Ms Hall: As organisations, we have been talking about some key issues such as the right to advice and representation to make sure that people get that appropriate support, whether it is advice or advocacy support. There is also a need to ensure that private contractors are implicitly required to adhere to the requirements of section 75, the Human Rights Act and the Disability Discrimination Act, and that the regulations get full scrutiny. As Jenny said, there is a lack of certain other strategies, such as a childcare strategy, and we are yet to see final version of the disability strategy, even though it has been consulted on.
The Chairperson: Thank you very much. That was quite a run-through. It reminded me of the complete works of William Shakespeare in 45 minutes. I am sorry that I missed the start of your contribution, but you said that you will leave us a paper.
Ms Hall: We are working on it this afternoon, and we will get a formal paper to you in the next day or two.
The Chairperson: You spent quite a bit of time talking about the joint Committee at Westminster. As it happens, Robin and I are going to see the Chairman tomorrow. Is there any chance of —
Ms Hall: We can give you what we have written.
The Chairperson: That would be very useful for us.
Mr Brady: Thanks very much for the presentation; it is déjà vu all over again. I have a couple of points. The point was made earlier that universal credit will subsume five or six of the main benefits, and there are about 30 benefits altogether. It is predicated on work and moving people towards work, and I raised the issue about the youth ESA. That replaced youth incapacity benefit, which had replaced severe disablement allowance. Young people were eligible for that from the age of 16, and it was accepted that they were never going to be able to work, in the normal sense, because of particular conditions, such as learning disability or whatever. They will now be shoved into that work pool, irrespective of what is wrong with them and will then be assessed using a tick-box exercise. They are being assessed in that way at the moment; people are being migrated as we speak. There are inherent difficulties with that.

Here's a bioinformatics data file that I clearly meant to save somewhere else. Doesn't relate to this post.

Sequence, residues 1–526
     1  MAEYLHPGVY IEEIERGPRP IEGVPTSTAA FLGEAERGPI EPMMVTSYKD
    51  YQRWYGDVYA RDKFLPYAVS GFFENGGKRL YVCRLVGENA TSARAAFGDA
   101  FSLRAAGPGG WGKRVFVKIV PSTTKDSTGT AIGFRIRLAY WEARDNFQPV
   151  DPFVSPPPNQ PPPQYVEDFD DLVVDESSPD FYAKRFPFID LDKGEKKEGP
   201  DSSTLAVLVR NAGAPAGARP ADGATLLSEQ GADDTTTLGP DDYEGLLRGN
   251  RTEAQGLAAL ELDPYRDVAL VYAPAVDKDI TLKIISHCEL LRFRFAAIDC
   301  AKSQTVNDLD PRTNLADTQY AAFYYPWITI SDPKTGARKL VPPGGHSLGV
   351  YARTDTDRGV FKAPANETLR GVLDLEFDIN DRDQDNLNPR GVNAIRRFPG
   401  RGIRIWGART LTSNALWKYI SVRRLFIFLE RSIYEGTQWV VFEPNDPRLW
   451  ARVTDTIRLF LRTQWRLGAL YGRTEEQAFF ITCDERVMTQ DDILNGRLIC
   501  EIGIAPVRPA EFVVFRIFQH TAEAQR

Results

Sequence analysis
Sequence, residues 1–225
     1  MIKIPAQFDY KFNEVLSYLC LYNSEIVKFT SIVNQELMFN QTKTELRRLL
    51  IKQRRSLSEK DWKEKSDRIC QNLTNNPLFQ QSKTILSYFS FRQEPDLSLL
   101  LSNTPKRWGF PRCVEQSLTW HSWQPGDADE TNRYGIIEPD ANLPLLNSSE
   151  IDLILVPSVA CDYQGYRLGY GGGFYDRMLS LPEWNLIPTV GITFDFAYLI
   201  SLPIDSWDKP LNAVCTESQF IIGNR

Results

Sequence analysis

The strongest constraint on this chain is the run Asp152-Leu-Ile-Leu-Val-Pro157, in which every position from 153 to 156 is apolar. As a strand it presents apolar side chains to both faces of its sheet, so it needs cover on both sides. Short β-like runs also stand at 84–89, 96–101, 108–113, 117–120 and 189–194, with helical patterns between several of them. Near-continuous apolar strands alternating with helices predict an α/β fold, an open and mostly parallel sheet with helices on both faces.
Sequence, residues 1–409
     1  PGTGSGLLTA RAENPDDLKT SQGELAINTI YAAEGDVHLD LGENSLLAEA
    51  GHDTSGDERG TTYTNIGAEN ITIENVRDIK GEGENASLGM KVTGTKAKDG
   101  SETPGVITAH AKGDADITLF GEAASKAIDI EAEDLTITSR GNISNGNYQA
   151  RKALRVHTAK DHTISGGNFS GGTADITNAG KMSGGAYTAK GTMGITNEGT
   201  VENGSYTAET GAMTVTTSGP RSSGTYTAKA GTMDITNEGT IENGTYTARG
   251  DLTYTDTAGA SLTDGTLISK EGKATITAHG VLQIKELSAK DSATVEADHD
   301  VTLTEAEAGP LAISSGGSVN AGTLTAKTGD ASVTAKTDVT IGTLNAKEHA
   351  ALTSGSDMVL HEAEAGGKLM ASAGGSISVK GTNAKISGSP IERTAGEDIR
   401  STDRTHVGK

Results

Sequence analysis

You raised the issue of the change in the disability premiums, particularly where children and families with children with disabilities will be affected. It seems that the EQIA was done in isolation. I am not sure if you were consulted about how the changes may impact.
Carers will be impacted big time because of the knock-on effect. A carer gets about £57 a week for looking after somebody for a minimum of 35 hours, and that is about one quarter of the minimum wage. OK, they say that carers can work, but they can earn a very minimal amount, and if they go 1p over the allotted amount, they lose all their benefit. There are issues with that.
The other issue is that the mobility component for people with a learning disability or who have particular types of conditions could be removed under PIP.
You mentioned the private contractor. We have been told about Capita, which is very similar to Atos in its make-up, with data-processing and stuff for the statutory bodies and all that. Like Atos, it has no background in doing medical assessments. I am not sure if you want to answer this, because you mentioned that it should be imbued with section 75 and how that will impact, but are you confident that it will do a better job than Atos?
Ms Hall: I could not comment on whether it would or would not. We know about the accessibility problems at Royston House, where the work capability assessments are being done in Belfast. That is an equality issue: people are being treated differently because, essentially, they cannot get down a flight of stairs during an evacuation procedure. That is what we are saying: it needs to be clear that those organisations have to comply with that type of legislation.
Ms Ruddy: I can add a little to that in terms of the make-up of the national organisations. We are in three countries — England, Wales and Northern Ireland. I have heard from my colleague who works in welfare reform in London that Capita has a slightly better reputation than Atos. It has a slightly better knowledge of mental health in particular, it has been actively working with the voluntary and community sector, and it has set up a forum that involves Mencap. We hope that Capita will set up a similar working group in Northern Ireland.
Obviously, there are lots of organisations, and we are fortunate that we are a national organisation. However, organisations such as Disability Action would not have access to that group. Obviously, we have different circumstances in Northern Ireland: we have a higher rate of mental health disability and a higher rate of disability in general. So, it would be nice to see that reflected in Northern Ireland, but, from what we have heard anecdotally, it does have a better reputation than Atos.
Mr Brady: That is about the only good news that we have heard all day.
On the whole issue around mental health, there are people who suffer particular types of conditions. Fra and I sat on the Social Development Committee during the previous mandate. I am going back to 2007 when the initial stages of welfare reform were introduced, and one of the big issues was around the training of staff, because people were being migrated across and they were being assessed for work. Staff were being trained to look for mental health conditions such as bipolar disorder. Some people have mental health conditions that have not even been diagnosed. I know that there will be champions for autism and all of that — at least that is what we are being told. It will be interesting to find out how it all pans out.